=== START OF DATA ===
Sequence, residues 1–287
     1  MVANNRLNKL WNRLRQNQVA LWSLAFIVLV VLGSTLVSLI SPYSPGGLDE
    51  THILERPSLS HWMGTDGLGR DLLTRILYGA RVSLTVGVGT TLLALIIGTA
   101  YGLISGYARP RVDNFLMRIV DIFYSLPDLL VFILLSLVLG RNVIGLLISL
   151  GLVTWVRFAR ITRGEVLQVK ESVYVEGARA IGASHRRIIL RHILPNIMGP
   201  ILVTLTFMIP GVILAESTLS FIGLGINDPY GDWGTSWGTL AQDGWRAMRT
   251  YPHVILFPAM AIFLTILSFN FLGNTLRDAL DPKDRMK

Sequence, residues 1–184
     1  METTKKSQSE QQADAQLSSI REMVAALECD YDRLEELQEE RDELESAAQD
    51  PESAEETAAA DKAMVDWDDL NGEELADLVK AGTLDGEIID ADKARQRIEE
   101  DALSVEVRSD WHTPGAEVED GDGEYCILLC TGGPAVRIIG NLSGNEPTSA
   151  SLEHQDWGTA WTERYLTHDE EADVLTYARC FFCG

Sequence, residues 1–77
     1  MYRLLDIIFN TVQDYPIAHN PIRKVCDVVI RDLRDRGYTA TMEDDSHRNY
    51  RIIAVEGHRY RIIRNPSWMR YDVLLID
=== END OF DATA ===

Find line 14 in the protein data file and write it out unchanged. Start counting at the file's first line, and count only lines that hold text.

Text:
     1  MYRLLDIIFN TVQDYPIAHN PIRKVCDVVI RDLRDRGYTA TMEDDSHRNY